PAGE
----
At the end of January, a 90-foot crane collapsed on parked cars in a plaza parking lot. The aftermath of the incident raised myriad safety questions about how something like that could have happened and who was responsible.
The City Manager denied any blame, indicating that the shopping plaza where the crane was operating was private property and that the city thus didn’t regulate that type of equipment. It was the responsibility of the Occupational Safety Administration (OSHA) to deal with “those types of work safety issues,” according to the manager.
OSHA, of course, seemed to go on the defensive, with a staff member reportedly admitting that the staff couldn’t be everywhere at once (OSHA did send investigators after the collapse). While it is true OSHA can’t be everywhere, the agency could do a lot more to make cranes safer… including not continuing to delay certification of crane operators.
With government agencies not doing enough and lawmakers simply trying to pass the blame after accidents, workers need to protect their own safety. A construction accident lawyer should be consulted for help after a crane accident.
OSHA Delays Crane Operator Certification Requirements
OSHA is supposed to set and enforce safety standards to reduce the risk of serious injury on the job. Yet, OSHA has not managed to actually put into place a formal rule requiring crane operators to be certified, even though such a rule has been in the works for more than a decade.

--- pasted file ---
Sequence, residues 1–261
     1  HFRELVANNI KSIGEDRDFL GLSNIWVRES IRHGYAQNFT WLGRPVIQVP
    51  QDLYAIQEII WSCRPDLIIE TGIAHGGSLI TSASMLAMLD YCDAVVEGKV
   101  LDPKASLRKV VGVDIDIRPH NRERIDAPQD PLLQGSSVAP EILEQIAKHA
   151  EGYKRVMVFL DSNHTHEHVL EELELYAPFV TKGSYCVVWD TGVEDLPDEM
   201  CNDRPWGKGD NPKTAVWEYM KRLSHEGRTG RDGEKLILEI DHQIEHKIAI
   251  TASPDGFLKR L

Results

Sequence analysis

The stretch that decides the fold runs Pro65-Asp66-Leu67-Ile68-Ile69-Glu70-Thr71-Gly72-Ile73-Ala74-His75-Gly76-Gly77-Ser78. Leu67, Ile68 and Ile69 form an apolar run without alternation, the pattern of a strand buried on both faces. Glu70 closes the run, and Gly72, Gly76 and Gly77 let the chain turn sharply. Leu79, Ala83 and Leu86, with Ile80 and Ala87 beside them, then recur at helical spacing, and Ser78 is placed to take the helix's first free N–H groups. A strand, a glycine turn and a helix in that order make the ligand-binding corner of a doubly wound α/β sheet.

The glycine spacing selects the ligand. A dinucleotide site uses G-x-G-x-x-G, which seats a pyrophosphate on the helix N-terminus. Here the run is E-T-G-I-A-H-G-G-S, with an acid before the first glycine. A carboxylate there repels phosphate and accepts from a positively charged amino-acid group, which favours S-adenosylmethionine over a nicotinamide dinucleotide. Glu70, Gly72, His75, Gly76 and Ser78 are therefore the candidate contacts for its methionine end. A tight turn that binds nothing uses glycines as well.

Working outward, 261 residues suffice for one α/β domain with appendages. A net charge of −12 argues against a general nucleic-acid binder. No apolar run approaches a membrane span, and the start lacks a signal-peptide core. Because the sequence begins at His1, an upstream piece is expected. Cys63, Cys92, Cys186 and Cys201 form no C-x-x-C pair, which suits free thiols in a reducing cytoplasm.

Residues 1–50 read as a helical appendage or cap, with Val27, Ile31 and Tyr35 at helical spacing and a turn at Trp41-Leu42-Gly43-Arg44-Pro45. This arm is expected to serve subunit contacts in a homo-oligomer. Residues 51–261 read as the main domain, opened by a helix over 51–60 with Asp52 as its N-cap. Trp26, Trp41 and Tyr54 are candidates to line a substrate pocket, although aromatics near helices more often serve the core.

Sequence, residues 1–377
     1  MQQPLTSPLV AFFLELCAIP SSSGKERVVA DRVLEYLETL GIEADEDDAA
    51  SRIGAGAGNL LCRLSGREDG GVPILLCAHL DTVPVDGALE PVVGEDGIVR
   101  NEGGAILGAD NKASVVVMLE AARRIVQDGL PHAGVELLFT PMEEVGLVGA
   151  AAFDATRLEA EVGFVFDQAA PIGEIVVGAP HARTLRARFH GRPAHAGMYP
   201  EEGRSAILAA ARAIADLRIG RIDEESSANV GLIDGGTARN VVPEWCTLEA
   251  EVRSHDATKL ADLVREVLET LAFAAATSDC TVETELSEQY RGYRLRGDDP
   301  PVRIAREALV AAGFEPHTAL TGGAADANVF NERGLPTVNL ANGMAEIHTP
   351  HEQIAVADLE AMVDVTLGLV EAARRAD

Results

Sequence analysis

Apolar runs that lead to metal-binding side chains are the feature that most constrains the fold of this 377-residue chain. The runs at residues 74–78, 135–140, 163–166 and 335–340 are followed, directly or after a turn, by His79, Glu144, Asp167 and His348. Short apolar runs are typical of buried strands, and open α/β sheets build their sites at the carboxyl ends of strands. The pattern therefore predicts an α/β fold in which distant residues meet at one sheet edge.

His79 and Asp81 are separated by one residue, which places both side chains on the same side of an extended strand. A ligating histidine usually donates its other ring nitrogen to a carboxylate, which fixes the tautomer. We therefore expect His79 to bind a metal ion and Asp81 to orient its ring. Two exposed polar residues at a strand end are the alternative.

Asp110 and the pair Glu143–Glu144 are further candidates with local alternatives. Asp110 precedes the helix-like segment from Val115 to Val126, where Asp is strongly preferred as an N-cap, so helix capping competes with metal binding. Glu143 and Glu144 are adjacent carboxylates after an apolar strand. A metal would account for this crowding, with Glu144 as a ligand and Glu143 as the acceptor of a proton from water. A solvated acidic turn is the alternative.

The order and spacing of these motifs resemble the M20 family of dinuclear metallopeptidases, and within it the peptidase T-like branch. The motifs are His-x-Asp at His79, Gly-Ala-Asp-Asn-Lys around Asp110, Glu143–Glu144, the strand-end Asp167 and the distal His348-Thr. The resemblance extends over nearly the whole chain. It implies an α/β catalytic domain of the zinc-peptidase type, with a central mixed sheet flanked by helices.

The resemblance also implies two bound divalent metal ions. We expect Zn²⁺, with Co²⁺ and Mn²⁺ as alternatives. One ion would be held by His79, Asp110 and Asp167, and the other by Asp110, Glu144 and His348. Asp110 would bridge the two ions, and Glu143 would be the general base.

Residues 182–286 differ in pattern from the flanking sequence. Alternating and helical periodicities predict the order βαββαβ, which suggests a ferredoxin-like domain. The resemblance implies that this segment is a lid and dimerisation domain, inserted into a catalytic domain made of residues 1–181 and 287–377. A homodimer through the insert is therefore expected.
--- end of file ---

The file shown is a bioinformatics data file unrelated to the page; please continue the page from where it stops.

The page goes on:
According to Cranes Today magazine, the U.S. has been moving towards establishing a requirement for nationwide crane operator certification since before the millennium. The crane industry formed a voluntary non-profit certification agency, the National Commission for the Certification of Crane Operators, to get the ball rolling towards improving safety. OSHA acted as well, establishing a Cranes and Derricks Advisory Committee (C-DAC).
C-DAC made recommendations for a federal rule to be passed back in 2003, and this was pretty much the end of OSHA actually taking affirmative steps to make certification a priority. OSHA delayed for a long time in responding to C-DAC’s recommendations and did not issue a final standard on requirements for cranes and derricks until August of 2010.
The proposed OSHA standards would require crane operators on construction sites to meet one of four qualifications or certification options by November of 2014.
There was, however, immediate public outcry. Some industry experts expressed dismay at the cost of certification while even some C-DAC members objected to the particular way that OSHA had interpreted its proposed rules. Public meetings led OSHA to extend the enforcement date, and in May of 2013, OSHA said that it would be publishing a new Notice of Potential Rule Making (NPRM). Yet, no rule was forthcoming despite the fact that the November 2014 deadline still remained in place.
Finally in February of 2014, OSHA proposed to extend the certification requirement to November 10, 2017. This means there’s another three years where crane operators don’t have to be certified, and it means another long delay before workplaces actually become safer and the risk of serious crane accidents is reduced.
Call Jeffrey Glassman Injury Lawyers for a free and confidential consultation to discuss your workers’ compensation claim– (617) 777-7777.
More Blog Entries:
Endangered Hospital Workers an OSHA Focus in 2014, January 29, 2014.